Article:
精神 is the kind of spirit you have if you perform well in sports or competitions. It is the idea of having a good attitude and putting your all into something - so much so that others can see or feel your spirit. It is the essence of your being that can only be subjectively described because there are no words that can fully explain what “spirit” really is.

For your information:
My Japanese dictionary further tries to explain this word by comparing it to mind, soul, heart, or intention.
My Chinese dictionary compares these characters to meanings like vigor, vitality, drive, and mentality.
My Korean dictionary defines this as mind, spirit, and soul.


See Also:  Vitality | Heart | Soul

You are only as old as you feel

You're only old if you think you're old

 bú pà rén lǎo zhǐ pà xīn lǎo
You are only as old as you feel Scroll

不怕人老只怕心老 literally translates as: Do not be concerned about being old; be concerned about a mind which is old.

Figuratively, this means: You are not as old as you look, you are only as old as you think you are.




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The following table may be helpful for those studying Chinese or Japanese...

Title CharactersRomaji (Romanized Japanese)Various forms of Romanized Chinese
Beautiful Heart
Beautiful Mind
美しい心utsukushii kokoro
utsukushiikokoro
utsukushi kokoro
Beautiful Mind美麗心靈
美丽心灵
měi lì xīn líng
mei3 li4 xin1 ling2
mei li xin ling
meilixinling
mei li hsin ling
meilihsinling
Mind of the Beginner初心sho shin / shoshinchū xīn / chu1 xin1 / chu xin / chuxinch`u hsin / chuhsin / chu hsin
Bodhicitta: Enlightened Mind冒地質多
冒地质多
boujiishitta
bojishitta
mào dì zhì duō
mao4 di4 zhi4 duo1
mao di zhi duo
maodizhiduo
mao ti chih to
maotichihto
Body and Mind身心shin jin / shinjinshēn xīn / shen1 xin1 / shen xin / shenxinshen hsin / shenhsin
Buddha Heart
Mind of Buddha
佛心busshin / bushinfó xīn / fo2 xin1 / fo xin / foxinfo hsin / fohsin
The Original Mind本心hon shin / honshinběn xīn / ben3 xin1 / ben xin / benxinpen hsin / penhsin
Heart
Mind
Spirit
kokoroxīn / xin1 / xinhsin
Heijoshin
Presence of Mind
平常心hei jou shin
heijoushin
hei jo shin
píng cháng xīn
ping2 chang2 xin1
ping chang xin
pingchangxin
p`ing ch`ang hsin
pingchanghsin
ping chang hsin
Immovable Mind不動心fu dou shin
fudoushin
fu do shin
Lingering Mind殘心
残心
zan shin / zanshincán xīn / can2 xin1 / can xin / canxints`an hsin / tsanhsin / tsan hsin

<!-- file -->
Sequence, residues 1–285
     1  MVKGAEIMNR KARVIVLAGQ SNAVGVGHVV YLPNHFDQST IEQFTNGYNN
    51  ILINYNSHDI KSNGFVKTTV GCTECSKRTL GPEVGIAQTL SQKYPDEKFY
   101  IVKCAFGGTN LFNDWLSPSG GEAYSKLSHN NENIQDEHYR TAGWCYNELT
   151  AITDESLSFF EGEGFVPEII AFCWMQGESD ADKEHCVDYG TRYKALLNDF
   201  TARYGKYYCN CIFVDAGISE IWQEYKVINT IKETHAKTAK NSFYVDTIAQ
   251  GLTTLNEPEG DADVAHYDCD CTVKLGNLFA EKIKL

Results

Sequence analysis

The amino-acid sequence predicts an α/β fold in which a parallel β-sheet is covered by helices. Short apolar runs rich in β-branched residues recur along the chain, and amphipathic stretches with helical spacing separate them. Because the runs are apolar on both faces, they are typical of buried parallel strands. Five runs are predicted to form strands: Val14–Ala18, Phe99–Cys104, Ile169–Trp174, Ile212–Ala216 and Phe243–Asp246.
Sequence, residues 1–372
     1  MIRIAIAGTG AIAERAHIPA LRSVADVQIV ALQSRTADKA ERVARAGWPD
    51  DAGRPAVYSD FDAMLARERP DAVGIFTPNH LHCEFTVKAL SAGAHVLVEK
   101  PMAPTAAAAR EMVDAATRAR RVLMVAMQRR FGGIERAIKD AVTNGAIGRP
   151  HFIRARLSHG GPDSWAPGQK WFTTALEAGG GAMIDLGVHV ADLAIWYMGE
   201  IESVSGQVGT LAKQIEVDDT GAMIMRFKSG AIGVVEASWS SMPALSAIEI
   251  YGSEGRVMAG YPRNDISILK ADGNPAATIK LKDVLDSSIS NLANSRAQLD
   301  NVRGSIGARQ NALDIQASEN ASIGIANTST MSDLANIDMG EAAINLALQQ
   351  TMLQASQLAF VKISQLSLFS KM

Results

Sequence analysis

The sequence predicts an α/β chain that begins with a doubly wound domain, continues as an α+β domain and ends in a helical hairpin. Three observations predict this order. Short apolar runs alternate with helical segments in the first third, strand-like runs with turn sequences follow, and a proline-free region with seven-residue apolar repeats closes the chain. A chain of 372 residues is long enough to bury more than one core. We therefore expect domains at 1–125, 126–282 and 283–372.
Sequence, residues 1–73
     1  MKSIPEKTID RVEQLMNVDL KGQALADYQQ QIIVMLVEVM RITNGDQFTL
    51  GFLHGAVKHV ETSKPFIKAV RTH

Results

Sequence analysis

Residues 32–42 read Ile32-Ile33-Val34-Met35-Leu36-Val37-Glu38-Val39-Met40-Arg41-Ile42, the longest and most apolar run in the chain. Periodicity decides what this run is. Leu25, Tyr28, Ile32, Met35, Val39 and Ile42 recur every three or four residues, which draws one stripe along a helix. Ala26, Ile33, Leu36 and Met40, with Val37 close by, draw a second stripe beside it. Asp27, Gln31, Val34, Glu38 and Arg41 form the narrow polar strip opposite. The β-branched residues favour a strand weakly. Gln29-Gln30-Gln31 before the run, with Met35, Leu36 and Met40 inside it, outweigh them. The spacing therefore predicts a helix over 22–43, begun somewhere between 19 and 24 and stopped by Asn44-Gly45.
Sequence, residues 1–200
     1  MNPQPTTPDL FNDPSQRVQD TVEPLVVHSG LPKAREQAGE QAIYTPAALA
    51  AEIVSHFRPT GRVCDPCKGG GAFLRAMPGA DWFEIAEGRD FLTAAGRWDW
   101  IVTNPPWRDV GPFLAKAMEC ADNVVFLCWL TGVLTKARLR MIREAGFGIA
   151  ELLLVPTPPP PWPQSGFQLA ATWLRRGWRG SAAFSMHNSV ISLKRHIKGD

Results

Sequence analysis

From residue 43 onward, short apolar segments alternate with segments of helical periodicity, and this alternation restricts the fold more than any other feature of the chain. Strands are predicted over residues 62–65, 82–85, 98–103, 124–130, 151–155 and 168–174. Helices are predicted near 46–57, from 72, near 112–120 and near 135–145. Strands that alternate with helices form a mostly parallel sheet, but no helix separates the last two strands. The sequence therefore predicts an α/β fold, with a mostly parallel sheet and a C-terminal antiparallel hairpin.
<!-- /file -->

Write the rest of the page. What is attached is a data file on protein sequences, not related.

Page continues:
Listen with Open Mind虛己以聽
虚己以听
xū jǐ yǐ tīng
xu1 ji3 yi3 ting1
xu ji yi ting
xujiyiting
hsü chi i t`ing
hsüchiiting
hsü chi i ting
Be Master of Mind, Not Mastered by Mind願作心師不師於心
愿作心师不师于心
yuàn zuò xīn shī bù shī yú xīn
yuan4 zuo4 xin1 shi1 bu4 shi1 yu2 xin1
yuan zuo xin shi bu shi yu xin
yuanzuoxinshibushiyuxin
yüan tso hsin shih pu shih yü hsin
Mind Body Spirit身心靈 / 身心霊
身心灵
mi shin rei
mishinrei
shēn xīn líng
shen1 xin1 ling2
shen xin ling
shenxinling
shen hsin ling
shenhsinling
Mind Over Matter心勝於物
心胜于物
xīn shèng yú wù
xin1 sheng4 yu2 wu4
xin sheng yu wu
xinshengyuwu
hsin sheng yü wu
hsinshengyüwu
Mind Over Matter物質性を超越する精神力busshitsu-sei o chouetsu suru seishin-ryoku
bushitsu-sei o choetsu suru seishin-ryoku
Mind Your Own Business不干己事不張口一問搖頭三不知
不干己事不张口一问摇头三不知
bù gān jǐ shì bù zhāng kǒu yī wèn yáo tóu sān bù zhī
bu4 gan1 ji3 shi4 bu4 zhang1 kou3 yi1 wen4 yao2 tou2 san1 bu4 zhi1
bu gan ji shi bu zhang kou yi wen yao tou san bu zhi
pu kan chi shih pu chang k`ou i wen yao t`ou san pu chih
pu kan chi shih pu chang kou i wen yao tou san pu chih
Mind Your Own Business余計なお世話yokei na osewa
yokeinaosewa
Mind Like Water水の心mizu no kokoro
mizunokokoro
Morality of Mind心德xīn dé / xin1 de2 / xin de / xindehsin te / hsinte
No Mind
Mushin
無心
无心
mu shin / mushinwú xīn / wu2 xin1 / wu xin / wuxinwu hsin / wuhsin
One Heart
One Mind
Heart and Soul
一心isshin / ishinyī shì dài
yi1 shi4 dai4
yi shi dai
yishidai
i shih tai
ishihtai
One Mind
Unity
和合wagou / wago
wago / wago
hé hé / he2 he2 / he he / heheho ho / hoho
Open and Calm Mind虛心坦懐
虚心坦懐
kyo shin tan kai
kyoshintankai
Open Mind開覺
开觉
kaikaku / kaikakukāi jué / kai1 jue2 / kai jue / kaijuek`ai chüeh / kaichüeh / kai chüeh
An Open Book Benefits Your Mind開卷有益
开卷有益
kāi juàn yǒu yì
kai1 juan4 you3 yi4
kai juan you yi
kaijuanyouyi
k`ai chüan yu i
kaichüanyui
kai chüan yu i
Patience Brings Peace of Mind忍耐は心の平和をもたらすnintai wa kokoro no heiwa o motarasu
Patience Yields Peace of Mind能忍自安néng rěn zì ān
neng2 ren3 zi4 an1
neng ren zi an
nengrenzian
neng jen tzu an
nengjentzuan
Peace of Mind內心的寧靜
内心的宁静
nèi xīn de níng jìng
nei4 xin1 de ning2 jing4
nei xin de ning jing
neixindeningjing
nei hsin te ning ching
neihsinteningching
Peace of Mind和平wa hei / waheihé píng / he2 ping2 / he ping / hepingho p`ing / hoping / ho ping
Peaceful Heart
Peace of Mind
Calm Mind
安心an shin / anshinān xīn / an1 xin1 / an xin / anxinan hsin / anhsin
Presence of Mind泰然自若taizenjijakutài rán zì ruò
tai4 ran2 zi4 ruo4
tai ran zi ruo
tairanziruo
t`ai jan tzu jo
taijantzujo
tai jan tzu jo
Presence of Mind落着きochitsuki
Prideful Mind
Self-Respecting Heart
自尊心ji son shin
jisonshin
zì zūn xīn
zi4 zun1 xin1
zi zun xin
zizunxin
tzu tsun hsin
tzutsunhsin
Purity of Mind心澄淨shin chou jou
shinchoujou
shin cho jo
xīn chéng jìng
xin1 cheng2 jing4
xin cheng jing
xinchengjing
hsin ch`eng ching
hsinchengching
hsin cheng ching
Calm and Open Mind虛心
虚心
ko shin / koshinxū xīn / xu1 xin1 / xu xin / xuxinhsü hsin / hsühsin
Strong Mind Strong Body強壯的身體堅強的心態
强壮的身体坚强的心态
qiáng zhuàng de shēn tǐ jiān qiáng de xīn tài
qiang2 zhuang4 de shen1 ti3 jian1 qiang2 de xin1 tai4
qiang zhuang de shen ti jian qiang de xin tai
ch`iang chuang te shen t`i chien ch`iang te hsin t`ai